# Frictional Forces and 1D Motion

• Peterson
In summary, the specific problem given is to find the minimum time and distance for a car to come to a stop on a wet concrete road with a coefficient of kinetic friction of 0.5. To solve this, the equation for stopping with a negative acceleration is needed, and it is noted that the braking force is constant regardless of initial speed. The stopping distance is dependent on velocity, but it can be predicted using the weight and coefficient of friction.

#### Peterson

INTRODUCTION:
This is a problem from my Introduction to Physical Science class using "Conceptual Physics" 10th Ed.by Paul G. Hewitt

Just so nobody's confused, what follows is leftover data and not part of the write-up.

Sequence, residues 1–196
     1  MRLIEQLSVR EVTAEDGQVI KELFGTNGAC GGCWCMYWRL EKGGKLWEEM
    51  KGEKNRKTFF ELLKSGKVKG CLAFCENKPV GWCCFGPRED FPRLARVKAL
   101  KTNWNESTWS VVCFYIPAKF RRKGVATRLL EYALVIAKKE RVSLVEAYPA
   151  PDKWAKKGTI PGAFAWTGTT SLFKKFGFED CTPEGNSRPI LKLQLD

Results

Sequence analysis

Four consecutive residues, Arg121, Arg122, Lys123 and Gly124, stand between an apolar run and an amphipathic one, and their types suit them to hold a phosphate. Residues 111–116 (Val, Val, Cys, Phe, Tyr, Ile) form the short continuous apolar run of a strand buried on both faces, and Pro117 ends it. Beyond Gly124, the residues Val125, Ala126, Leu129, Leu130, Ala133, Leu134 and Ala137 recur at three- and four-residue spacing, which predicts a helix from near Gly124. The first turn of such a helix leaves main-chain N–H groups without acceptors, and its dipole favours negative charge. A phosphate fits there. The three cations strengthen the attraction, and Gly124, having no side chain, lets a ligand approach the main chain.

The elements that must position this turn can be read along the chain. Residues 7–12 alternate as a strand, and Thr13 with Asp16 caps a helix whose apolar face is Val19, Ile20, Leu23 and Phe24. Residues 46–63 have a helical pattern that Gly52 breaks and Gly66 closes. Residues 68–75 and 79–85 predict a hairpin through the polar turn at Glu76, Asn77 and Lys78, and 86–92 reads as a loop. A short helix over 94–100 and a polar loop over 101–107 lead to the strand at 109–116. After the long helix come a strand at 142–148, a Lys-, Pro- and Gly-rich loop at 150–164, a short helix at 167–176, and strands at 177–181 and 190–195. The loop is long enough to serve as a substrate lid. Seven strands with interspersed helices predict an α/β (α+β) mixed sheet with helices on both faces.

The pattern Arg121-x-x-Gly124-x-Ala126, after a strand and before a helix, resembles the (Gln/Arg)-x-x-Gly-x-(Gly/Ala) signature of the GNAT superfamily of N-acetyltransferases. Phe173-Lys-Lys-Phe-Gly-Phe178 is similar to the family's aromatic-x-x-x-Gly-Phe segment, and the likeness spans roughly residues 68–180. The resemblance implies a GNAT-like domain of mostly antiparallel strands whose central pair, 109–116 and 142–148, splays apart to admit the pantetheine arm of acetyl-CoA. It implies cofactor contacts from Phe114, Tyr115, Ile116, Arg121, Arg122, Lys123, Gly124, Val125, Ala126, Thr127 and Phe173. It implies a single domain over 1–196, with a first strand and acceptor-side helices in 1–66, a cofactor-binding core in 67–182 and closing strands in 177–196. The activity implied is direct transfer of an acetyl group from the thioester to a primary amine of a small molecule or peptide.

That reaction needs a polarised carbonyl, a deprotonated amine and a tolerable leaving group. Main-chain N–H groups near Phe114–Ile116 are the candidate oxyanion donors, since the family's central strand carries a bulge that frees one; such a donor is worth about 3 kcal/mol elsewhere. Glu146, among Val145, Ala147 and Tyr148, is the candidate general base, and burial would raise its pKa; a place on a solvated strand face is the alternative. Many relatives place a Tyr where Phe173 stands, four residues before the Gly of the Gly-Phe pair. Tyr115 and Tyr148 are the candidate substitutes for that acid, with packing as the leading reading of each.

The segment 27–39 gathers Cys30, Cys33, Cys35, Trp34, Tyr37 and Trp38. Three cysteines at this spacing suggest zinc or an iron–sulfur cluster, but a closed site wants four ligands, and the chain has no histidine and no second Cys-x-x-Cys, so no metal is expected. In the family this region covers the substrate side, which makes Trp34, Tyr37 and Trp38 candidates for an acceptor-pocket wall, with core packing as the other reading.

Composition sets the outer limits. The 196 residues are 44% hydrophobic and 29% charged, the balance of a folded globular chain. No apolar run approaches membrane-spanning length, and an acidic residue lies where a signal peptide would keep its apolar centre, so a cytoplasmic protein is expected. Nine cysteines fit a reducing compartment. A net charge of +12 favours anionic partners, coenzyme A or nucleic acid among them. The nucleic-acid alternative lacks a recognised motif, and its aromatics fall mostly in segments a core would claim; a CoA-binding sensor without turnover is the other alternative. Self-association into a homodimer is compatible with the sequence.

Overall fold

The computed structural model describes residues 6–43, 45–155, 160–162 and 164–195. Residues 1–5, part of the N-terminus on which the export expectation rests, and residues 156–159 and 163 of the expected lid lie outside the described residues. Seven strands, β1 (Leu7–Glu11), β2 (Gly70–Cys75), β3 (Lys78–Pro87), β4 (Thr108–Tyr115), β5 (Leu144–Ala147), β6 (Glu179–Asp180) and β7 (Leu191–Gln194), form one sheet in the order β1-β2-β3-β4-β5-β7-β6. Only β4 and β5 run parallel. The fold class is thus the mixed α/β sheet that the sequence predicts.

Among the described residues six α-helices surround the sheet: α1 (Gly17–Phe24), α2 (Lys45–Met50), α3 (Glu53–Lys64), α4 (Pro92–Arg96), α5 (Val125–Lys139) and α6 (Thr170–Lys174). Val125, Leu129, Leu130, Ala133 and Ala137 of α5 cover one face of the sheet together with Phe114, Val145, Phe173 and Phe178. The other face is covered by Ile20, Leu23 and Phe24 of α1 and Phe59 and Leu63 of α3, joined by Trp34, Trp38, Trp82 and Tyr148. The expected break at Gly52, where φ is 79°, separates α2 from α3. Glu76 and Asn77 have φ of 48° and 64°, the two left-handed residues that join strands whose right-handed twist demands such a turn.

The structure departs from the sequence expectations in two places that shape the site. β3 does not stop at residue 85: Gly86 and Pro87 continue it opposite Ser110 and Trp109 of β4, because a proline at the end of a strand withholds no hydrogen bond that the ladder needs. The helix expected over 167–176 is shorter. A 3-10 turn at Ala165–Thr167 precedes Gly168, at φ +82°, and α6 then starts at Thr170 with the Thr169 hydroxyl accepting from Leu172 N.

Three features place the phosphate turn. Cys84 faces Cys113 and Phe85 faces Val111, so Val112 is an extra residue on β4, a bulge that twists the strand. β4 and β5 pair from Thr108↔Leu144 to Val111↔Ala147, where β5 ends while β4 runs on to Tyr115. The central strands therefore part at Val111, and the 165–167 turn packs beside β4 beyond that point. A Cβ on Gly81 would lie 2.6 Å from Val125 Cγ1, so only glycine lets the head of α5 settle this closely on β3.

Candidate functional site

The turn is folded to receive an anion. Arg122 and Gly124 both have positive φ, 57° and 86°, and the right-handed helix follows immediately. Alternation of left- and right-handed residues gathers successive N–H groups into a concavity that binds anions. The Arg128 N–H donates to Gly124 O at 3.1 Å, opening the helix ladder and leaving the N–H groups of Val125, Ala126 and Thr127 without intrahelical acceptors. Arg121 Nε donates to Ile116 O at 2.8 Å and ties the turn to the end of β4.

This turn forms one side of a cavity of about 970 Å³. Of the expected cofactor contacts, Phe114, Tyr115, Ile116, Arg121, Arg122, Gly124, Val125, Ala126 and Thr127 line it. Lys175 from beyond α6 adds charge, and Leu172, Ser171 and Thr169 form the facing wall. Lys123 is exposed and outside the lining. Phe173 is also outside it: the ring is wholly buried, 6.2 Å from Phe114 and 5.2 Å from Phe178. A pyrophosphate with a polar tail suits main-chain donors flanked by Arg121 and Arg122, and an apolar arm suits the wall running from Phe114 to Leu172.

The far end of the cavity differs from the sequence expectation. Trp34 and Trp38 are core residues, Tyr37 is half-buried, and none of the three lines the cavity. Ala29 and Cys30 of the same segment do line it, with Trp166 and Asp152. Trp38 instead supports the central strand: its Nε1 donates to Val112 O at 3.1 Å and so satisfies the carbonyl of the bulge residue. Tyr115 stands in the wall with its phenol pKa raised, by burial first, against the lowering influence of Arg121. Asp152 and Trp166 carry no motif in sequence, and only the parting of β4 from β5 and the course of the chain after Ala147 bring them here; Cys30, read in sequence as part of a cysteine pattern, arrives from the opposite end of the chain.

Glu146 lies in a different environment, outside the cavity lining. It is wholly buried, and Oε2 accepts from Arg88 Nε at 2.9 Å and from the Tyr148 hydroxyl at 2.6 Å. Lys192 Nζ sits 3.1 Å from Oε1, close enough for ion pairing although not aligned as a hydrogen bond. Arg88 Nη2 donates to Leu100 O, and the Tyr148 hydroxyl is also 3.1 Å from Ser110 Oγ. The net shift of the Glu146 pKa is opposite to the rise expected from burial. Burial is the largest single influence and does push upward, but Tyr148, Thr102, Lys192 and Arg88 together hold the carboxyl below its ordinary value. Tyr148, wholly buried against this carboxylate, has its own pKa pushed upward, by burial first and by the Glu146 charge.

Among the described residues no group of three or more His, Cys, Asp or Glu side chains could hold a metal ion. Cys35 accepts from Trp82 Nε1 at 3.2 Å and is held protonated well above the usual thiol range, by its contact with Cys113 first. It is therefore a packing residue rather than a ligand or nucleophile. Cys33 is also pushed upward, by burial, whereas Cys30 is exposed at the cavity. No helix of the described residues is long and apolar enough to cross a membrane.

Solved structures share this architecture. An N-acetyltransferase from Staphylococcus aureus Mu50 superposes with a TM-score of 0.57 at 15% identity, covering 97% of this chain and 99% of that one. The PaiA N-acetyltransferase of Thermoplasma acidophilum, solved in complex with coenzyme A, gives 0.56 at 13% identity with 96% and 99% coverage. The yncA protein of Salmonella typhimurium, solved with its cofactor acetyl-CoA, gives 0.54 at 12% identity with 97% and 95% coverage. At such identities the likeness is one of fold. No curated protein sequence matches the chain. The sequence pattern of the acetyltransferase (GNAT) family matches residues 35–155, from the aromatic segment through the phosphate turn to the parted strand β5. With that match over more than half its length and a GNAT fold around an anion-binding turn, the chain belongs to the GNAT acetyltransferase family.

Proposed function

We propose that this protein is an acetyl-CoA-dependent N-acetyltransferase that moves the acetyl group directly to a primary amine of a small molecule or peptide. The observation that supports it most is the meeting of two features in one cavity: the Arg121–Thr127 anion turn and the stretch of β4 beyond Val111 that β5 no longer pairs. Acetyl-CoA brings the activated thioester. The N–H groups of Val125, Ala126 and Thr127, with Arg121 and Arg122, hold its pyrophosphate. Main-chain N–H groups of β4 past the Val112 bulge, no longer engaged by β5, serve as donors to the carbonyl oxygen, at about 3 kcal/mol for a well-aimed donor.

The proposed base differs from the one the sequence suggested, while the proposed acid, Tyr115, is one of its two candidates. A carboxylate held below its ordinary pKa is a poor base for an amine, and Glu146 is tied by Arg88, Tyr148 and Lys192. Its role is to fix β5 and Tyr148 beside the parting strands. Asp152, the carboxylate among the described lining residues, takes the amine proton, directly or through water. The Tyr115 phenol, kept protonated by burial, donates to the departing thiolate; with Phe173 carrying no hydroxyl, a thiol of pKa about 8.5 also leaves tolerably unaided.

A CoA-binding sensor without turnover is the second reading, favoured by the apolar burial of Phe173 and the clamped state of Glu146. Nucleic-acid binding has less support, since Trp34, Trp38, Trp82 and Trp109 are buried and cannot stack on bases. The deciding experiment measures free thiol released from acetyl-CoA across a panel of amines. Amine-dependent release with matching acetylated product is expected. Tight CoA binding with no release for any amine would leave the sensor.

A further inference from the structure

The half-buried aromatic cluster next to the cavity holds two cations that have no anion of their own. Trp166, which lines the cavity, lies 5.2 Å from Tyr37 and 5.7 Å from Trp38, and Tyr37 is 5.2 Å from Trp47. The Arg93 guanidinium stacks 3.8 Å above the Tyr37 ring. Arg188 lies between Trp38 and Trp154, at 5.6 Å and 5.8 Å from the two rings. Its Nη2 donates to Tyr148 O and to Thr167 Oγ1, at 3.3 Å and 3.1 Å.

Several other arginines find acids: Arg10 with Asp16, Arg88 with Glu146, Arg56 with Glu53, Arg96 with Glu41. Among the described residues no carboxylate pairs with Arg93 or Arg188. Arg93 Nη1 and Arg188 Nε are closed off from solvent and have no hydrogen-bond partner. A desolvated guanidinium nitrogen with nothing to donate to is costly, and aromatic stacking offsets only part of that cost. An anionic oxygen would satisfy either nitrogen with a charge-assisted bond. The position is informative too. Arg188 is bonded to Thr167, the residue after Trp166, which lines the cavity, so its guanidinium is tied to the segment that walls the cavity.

EXACT PROBLEM:
"The coefficient of kinetic friction between a rubber tire and a wet concrete road is 0.5."

PROBLEMS FACED:
a) Find the minimum time in which a car whose initial speed is 30 mi/hr can come to a stop on such a road.
b) What distance will the car cover in this time?

MY THOUGHTS:
I know I have a coefficient of friction & V0 and Vf. Beyond that, I don't know how to look for the time it will take. What equation am I supposed to be using?

Lets take this a step at a time. To stop, you need a negative acceleration. Assume the brakes are aplied full force as in panic stop.

I still find the fact that speed/velocity never enters the eqn curious: that is the braking force is constant. Whether from 100mph or 5mph the retarding force is the same. So its like a baseball thrown upwards at different speeds.:The stopping distance depends on velocity, but its predictable. This is key.

So in a horizontal position, the frictional force depends on the negative force/acceleration generated by the weight times the coeffiecient of friction. Any help?

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